Two days ago, I jumped from a rock roughly 25′ above the water, into Crater Lake. The fear was real. I’ve done similar jumps, but it never gets easier for me. Standing there, looking into the surreal blue of that water, seeing the various shades of turquoise and green closer to the shore, and knowing that I was about to leave my solid, rocky perch for a fall into frigid water below – it gave me pause. While I paused, a large group of tourists gathered behind me and the spectacle grew. There was no turning back. I had to jump. And so I did.
I hung in the air for a lifetime. I splashed down into water cold enough to numb my shock. At some point, I was reminded of why I do these types of things: because I never know if I’ll have the chance to do them again. Yes, that’s a slippery slope of rationale, but we’re each in charge of keeping it in check for ourselves.
“Still got it!” I thought as I swam back to shore (the most treacherous part of the whole ordeal was the slippery rocks while exiting). Basking in the sun on a rock afterwards, like some turtle in a pond, I looked around and had to admit that life at this age is so much better than I was led to believe.
I’ve spent the past month in Oregon, fearing a return to the brutal summer in the south, and loving the wonderful outdoors of the Pacific Northwest. Hearing the occasional Oregonian talk about the heatwave of 92 degree days makes me smile, knowing my family and friends are melting in 104 degree days of Texas. To be fair, it has been drier here than I expected. Oddly enough, Texas (and Louisiana) have been having record rainfall the past few weeks. Such is life.
Steph and I stayed in a free camping spot off a forest road just north of Crater Lake National Park (we were there when I drafted this entry, but I had no signal to post it). I took a couple of days off work for us to just relax out here and enjoy a bit of time away from the cities. Working while traveling has tethered me a bit to areas with WiFi/cell reception (tough life, I know), but my Verizon JetPack Hotspot has helped a bit with that range.
The latest maintenance performed on the Casita was one of the dirtiest: my black water holding tank was leaking at the blade valve. Even after dumping the tank, there’s still some liquid in that bad boy. I replaced the valve and thought it was fixed, but the next time I checked, it was still dripping. It was beyond annoying and well into disgusting, embarrassing, and illegal. It turns out that I had crimped a rubber gasket in my first installation, so there wasn’t a good seal. It’s all fixed now. No more unsanitary leaks!!
We last dumped the tanks in Eugene, where a shirtless guy offered us free muffins and pound cake, and asked politely for cannabis. An unusual interaction at this facility, for sure, but not as strange as the other RVer who was in the middle of dumping his tanks and tore into his free pound cake with wild abandon (and not a thought to washing his hands first). Yes, that happened.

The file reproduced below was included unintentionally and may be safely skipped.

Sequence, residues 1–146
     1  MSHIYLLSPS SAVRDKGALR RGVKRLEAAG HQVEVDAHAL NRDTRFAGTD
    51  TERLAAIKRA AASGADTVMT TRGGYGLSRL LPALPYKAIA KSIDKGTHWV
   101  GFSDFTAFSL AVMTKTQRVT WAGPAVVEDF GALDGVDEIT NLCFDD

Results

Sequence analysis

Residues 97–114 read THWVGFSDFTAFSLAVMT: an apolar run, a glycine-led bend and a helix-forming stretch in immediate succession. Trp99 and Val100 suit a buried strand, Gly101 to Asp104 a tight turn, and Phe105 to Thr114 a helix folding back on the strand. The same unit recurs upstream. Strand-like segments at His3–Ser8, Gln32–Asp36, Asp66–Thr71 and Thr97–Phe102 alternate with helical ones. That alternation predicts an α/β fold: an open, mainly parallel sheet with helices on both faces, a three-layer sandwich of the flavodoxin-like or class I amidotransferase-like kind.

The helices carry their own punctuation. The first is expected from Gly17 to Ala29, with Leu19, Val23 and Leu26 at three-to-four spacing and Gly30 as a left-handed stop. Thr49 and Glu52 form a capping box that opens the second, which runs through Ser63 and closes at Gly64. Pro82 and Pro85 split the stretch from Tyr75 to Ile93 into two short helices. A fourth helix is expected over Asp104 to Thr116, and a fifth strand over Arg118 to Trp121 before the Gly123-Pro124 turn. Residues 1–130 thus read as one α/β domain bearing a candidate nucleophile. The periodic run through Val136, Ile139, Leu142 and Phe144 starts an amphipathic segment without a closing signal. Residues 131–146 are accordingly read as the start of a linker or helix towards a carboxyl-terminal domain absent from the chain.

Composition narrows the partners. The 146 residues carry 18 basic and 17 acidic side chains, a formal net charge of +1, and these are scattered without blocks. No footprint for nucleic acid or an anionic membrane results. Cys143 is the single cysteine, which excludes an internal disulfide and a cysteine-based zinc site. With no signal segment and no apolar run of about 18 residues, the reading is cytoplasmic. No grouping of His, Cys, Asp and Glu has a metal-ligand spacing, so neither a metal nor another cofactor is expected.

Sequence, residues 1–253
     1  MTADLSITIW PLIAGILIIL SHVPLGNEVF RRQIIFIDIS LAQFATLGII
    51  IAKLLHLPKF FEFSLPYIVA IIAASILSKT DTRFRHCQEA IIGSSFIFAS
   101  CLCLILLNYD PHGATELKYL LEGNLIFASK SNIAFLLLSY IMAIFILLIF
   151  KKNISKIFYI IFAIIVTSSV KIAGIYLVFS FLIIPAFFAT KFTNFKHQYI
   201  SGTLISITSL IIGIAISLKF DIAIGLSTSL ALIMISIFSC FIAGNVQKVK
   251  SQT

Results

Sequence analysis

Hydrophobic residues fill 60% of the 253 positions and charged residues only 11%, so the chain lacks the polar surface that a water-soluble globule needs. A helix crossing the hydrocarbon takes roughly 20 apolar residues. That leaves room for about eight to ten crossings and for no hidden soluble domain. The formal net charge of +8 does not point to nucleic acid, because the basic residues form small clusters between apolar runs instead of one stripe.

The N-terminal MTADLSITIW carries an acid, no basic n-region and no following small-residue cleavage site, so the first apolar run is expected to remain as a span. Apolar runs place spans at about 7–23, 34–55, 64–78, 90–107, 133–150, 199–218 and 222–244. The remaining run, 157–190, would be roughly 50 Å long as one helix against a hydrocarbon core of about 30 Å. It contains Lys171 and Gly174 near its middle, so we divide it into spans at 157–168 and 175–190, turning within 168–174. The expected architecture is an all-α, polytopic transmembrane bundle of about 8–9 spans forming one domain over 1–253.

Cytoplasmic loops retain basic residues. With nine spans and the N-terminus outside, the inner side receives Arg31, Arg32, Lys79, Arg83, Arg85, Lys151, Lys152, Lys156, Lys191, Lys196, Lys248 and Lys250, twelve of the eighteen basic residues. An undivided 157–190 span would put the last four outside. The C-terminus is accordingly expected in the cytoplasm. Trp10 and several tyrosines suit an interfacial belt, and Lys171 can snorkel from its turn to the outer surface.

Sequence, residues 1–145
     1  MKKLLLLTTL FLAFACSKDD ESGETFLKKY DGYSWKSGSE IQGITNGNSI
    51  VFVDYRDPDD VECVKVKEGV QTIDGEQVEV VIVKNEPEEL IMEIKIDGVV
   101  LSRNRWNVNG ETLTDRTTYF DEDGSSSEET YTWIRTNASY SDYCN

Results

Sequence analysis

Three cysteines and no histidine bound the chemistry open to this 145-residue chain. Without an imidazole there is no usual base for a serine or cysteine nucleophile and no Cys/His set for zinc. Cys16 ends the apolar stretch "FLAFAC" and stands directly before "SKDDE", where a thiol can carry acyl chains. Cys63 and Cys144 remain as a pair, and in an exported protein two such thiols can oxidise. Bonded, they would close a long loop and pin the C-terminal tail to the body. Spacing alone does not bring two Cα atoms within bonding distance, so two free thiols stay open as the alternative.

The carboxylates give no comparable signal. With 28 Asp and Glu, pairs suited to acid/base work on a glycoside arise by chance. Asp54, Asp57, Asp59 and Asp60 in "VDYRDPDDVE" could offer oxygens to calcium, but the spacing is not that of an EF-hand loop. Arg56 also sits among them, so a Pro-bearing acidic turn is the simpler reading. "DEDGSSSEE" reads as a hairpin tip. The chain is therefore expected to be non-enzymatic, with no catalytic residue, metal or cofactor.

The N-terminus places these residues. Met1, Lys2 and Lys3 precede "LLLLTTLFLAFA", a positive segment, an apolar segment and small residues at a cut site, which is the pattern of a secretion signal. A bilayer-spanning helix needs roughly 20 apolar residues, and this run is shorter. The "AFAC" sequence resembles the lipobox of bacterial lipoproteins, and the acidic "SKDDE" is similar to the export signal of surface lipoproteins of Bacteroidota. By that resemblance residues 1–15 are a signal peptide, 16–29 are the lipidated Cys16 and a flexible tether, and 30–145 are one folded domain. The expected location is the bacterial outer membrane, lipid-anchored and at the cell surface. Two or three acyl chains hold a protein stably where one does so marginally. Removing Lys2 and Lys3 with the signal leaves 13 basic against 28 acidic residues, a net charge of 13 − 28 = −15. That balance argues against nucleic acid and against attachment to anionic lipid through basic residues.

Meals are a big topic while traveling full-time. Our food has been simple, but delicious: pancakes, eggs and sausage, or oatmeal with nuts and berries for breakfast. Turkey sandwiches with spinach and tomato for lunch. Dinner has been pulled pork tacos, lamb gyros, or spaghetti bolognese, usually with a salad. That’s not to say we haven’t downed a quick PB&J or jalapeno & cheddar hotdog for a meal, or stopped at a restaurant for a proper meal. Steph’s good about balancing my cookie intake with fresh fruit, and my beer intake with plenty of water.
Speaking of water, it’s been a challenge to stay loaded with fresh water in the tank. I’m not certain at this point, but I think I’m losing some (an unknown quantity) while driving. Testing it is on my list of things to do, but keep in mind that almost everything about traveling with the Xterra and Casita has been something new to learn about and test. Sometimes, I just get tired of researching solutions. For instance, I don’t know how much propane I use to heat the 6-gallon water heater for showers. I could find out, and probably will someday, but I haven’t yet. For now, I can go about 5 days on 15 gallons of water on my own, 3 days is pushing it with the two of us together.
I’ll leave you with this: after 7,500 miles in the past 3 months, from Dallas, TX to Vancouver Island, Canada and down to Oregon, I can vouch for all the thousands of other full-timers – the vanlifers, RVers, and stealth campers – who have made this a viable lifestyle. It’s not for everyone and it’s not always waterfalls and lighthouses and cliff-jumping, but there’s a freedom out here. A freedom to make mistakes and learn from them without feeling like a failure. A freedom to leave a place that no longer feels right and head for a mountain, a forest, or a beach that does. A freedom to be in the hustle and bustle of a city or be alone on sand dunes. It’s something that I’m appreciating more and more each day, a rightness to how I feel my life should be. I know things change, including my ideas of what’s right and fun, but I don’t think I’ve ever been at an age and place in life where I could enjoy it all so much.